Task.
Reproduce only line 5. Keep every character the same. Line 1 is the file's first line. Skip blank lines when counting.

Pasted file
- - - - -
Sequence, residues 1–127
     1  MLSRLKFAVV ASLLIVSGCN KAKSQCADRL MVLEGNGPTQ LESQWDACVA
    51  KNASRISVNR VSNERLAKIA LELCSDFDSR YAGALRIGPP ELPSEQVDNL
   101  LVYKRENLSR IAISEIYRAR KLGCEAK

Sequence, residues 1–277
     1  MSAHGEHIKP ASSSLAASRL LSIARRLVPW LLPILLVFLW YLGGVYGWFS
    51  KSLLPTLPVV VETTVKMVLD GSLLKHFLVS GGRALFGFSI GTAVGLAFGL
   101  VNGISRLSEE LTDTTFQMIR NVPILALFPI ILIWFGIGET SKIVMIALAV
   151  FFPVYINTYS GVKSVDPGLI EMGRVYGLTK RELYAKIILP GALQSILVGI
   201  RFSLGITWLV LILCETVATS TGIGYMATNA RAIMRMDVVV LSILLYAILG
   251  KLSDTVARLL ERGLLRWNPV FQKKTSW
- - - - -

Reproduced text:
Sequence, residues 1–277